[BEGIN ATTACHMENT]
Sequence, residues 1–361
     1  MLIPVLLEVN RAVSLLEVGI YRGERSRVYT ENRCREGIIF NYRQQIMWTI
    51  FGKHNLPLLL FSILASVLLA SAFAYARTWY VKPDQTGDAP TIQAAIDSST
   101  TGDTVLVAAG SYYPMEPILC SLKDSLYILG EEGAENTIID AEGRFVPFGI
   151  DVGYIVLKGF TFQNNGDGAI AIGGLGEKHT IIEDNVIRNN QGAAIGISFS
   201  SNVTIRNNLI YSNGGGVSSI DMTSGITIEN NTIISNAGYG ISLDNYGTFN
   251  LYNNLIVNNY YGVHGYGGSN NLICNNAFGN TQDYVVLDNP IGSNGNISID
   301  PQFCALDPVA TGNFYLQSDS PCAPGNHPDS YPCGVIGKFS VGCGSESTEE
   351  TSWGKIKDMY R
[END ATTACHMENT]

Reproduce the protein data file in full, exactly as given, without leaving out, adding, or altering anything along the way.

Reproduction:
Sequence, residues 1–361
     1  MLIPVLLEVN RAVSLLEVGI YRGERSRVYT ENRCREGIIF NYRQQIMWTI
    51  FGKHNLPLLL FSILASVLLA SAFAYARTWY VKPDQTGDAP TIQAAIDSST
   101  TGDTVLVAAG SYYPMEPILC SLKDSLYILG EEGAENTIID AEGRFVPFGI
   151  DVGYIVLKGF TFQNNGDGAI AIGGLGEKHT IIEDNVIRNN QGAAIGISFS
   201  SNVTIRNNLI YSNGGGVSSI DMTSGITIEN NTIISNAGYG ISLDNYGTFN
   251  LYNNLIVNNY YGVHGYGGSN NLICNNAFGN TQDYVVLDNP IGSNGNISID
   301  PQFCALDPVA TGNFYLQSDS PCAPGNHPDS YPCGVIGKFS VGCGSESTEE
   351  TSWGKIKDMY R